Doing it all the hard way...

Tuesday, April 7, 2015

Coffee and Lies # 119 Thirty miles of perspective

The last four weeks have seen the hillsides go from white to brown and finally to green.  Less than two weeks ago you could just see the tiny sprouts of green if you bent down.  Now there are green hills and wild flowers are just starting to bud. The nights still dip down to freezing but sunshine greets your face in the morning and every day has the smell of spring.

With Hottie still on IR tux and I were out early talking to the owls and spooking the deer.  

The weather and my training calendar were both pointing toward a long ride on Saturday.  I wanted to get going early so Hottie and I would still have some day left for other activities.

One of my objectives for spring (from a list complied during the winter) was to ride to the end of the Chewuch.  The end of the road is a place called “Thirty Mile.”  I was hoping the route would be free of snow. After comparing it to the option of going out to the end of Twisp River Road I thought the mostly north-south drainage would have less snow than the generally east-west Twisp River valley.  Yes as a matter of fact I do over think most things.  I get that from my mom.  Deal with it.

When I left it was right around freezing, but the sunshine made it feel warmer.  The canyon is a long gradual climb with a bunch of rollers to keep you shifting.  I arrived at my desired HR zone, looked around at the beauty of the day and churned out a familiar rhythm. 
Although I passed a carcass or two and stray limbs (both from trees and mammals that had become part of the food chain) it was generally a vista full of life.  The hills had a green haze as spring is taking a foothold.  Birds sang and the river whooshed by as I went up the valley. I spooked some deer here and there and had to slow to avoid one of the dumbest of the breed who waited for me to get really close before darting into the road. In a word, “venison.”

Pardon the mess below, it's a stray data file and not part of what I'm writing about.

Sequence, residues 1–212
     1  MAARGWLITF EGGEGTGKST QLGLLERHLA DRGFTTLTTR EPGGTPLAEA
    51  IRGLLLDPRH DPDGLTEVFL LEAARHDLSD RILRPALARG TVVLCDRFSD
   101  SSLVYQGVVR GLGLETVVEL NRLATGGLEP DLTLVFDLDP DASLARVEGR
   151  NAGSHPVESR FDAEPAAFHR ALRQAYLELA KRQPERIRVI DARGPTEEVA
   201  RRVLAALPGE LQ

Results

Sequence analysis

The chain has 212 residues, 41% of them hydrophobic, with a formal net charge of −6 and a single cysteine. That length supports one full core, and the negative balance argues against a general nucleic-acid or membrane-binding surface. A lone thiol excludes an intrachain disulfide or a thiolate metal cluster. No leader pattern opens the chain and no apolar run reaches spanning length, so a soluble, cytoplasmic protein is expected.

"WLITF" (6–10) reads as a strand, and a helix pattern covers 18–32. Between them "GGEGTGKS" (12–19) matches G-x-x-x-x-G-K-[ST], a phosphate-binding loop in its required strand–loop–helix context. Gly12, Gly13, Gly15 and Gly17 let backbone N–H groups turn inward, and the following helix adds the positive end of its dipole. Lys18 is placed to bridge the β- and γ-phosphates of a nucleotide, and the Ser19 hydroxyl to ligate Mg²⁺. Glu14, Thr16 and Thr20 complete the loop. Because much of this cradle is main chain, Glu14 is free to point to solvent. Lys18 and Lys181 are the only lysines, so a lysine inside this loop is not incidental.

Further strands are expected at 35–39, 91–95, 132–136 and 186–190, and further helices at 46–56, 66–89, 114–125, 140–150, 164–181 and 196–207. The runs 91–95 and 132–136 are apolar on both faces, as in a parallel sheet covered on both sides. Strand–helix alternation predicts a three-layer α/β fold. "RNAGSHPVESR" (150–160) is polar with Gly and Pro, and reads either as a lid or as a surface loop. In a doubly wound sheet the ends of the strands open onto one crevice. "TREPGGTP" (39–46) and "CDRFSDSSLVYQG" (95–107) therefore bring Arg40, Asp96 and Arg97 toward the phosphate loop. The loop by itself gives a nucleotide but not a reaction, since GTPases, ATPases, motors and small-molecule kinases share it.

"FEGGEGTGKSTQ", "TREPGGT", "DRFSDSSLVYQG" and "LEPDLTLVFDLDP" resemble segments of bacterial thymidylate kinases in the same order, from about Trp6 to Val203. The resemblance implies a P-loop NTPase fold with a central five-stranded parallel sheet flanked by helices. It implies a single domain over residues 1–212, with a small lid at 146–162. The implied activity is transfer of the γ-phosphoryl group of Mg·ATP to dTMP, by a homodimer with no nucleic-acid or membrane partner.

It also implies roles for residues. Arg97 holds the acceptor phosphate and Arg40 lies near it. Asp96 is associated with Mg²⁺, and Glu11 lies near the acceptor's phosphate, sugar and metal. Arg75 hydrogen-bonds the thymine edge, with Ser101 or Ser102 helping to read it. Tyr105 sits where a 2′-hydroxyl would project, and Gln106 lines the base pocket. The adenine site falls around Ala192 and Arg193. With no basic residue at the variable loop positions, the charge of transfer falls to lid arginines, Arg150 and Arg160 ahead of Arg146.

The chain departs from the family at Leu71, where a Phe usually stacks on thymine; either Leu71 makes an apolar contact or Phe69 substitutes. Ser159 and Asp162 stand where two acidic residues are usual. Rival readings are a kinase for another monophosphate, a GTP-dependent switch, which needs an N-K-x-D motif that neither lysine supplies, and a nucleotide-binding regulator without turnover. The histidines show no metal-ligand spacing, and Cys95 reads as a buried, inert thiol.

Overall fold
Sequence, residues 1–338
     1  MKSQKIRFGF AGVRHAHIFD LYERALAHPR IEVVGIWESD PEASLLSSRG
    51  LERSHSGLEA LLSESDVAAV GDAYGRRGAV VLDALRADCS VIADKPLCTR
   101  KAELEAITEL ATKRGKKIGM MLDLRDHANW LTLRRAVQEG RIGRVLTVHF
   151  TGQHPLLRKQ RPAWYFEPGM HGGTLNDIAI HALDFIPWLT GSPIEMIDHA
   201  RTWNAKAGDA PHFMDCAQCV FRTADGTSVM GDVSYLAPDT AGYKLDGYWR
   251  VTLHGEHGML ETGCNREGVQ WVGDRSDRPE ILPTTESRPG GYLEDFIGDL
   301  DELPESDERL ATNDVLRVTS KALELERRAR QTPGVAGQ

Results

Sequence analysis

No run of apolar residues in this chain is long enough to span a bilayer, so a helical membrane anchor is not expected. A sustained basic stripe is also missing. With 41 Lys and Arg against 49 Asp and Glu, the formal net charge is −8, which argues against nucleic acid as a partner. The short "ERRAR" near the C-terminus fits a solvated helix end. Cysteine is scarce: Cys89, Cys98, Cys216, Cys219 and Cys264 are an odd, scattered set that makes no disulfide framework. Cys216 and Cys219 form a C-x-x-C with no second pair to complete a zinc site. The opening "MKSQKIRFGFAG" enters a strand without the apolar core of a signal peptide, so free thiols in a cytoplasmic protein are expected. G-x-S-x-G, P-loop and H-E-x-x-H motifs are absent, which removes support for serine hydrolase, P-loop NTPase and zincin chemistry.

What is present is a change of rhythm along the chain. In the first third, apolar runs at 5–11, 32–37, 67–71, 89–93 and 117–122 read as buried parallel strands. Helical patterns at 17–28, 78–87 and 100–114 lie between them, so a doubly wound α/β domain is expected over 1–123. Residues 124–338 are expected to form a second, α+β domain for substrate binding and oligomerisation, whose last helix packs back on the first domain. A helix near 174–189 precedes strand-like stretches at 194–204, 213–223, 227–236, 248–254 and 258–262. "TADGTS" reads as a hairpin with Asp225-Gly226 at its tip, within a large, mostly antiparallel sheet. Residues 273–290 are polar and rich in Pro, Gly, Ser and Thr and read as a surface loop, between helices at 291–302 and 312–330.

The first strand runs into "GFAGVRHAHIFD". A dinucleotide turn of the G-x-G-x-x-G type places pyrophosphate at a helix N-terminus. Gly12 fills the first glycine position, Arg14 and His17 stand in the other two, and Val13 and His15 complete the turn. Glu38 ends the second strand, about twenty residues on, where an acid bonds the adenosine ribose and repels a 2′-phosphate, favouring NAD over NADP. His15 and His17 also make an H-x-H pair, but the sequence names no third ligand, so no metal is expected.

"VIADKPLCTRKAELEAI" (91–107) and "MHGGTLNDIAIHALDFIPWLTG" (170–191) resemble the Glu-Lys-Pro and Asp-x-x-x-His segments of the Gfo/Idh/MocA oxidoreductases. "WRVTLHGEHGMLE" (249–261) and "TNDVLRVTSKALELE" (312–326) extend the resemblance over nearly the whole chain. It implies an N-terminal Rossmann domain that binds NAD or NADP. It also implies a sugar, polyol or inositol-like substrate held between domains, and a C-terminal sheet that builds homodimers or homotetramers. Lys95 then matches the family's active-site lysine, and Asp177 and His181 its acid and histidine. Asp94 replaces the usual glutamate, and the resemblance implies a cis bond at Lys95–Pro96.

My route was mostly in the sunshine but parts were in the shade and it was then that I was reminded that the temp was only in the mid thirties.  The climb was gradual but constant. I passed four or five empty forest service campgrounds as the kilometers ticked by.

An hour in I ate my first bar and took a long drink as the road straightened out for an unusually long stretch.  I am sure I subconsciously slowed down.  Instead of riding hard to the next corner, then hard to the next, then the next - seeing the long straight caused me to grasp the length of my hard effort.  I am really good at doing hard things in small chunks.
I was reminded that when the river gets louder it means the valley, and therefore the road grade, gets steeper.  Downed trees reached out into the road requiring me to swerve from one side to the other.  Twice I had to go off road because a fallen tree was stretched across the whole road.

The valley was narrow in parts and opened up wide for long stretches further on.   I saw one car early on then I had the whole valley to myself.  When the pavement finally ended; the gradient though uphill, lessened. I was approaching the area burned by the Thirty Mile Fire in 2001.  It felt eerie.

My brain was in a battle because the sun was bright and if you saw a photo of what was before my eyes you would think it was a hot July day.  My brain saw this and wanted to open up my sweat glands but my body was still reporting temperatures in the thirties and so confusion set in.
Nearing my objective the valley floor opened up and the grade felt almost flat.  Climbing will do that to you. The ghosts of burned out trees stood in stark contrast to the green on the ground. The sandy road had the first real washboard of the season and I was weaving back and forth searching for a good line.  I was looking at the burned snags that climbed up the valley walls and contemplating the fire that burned here nearly fourteen years ago.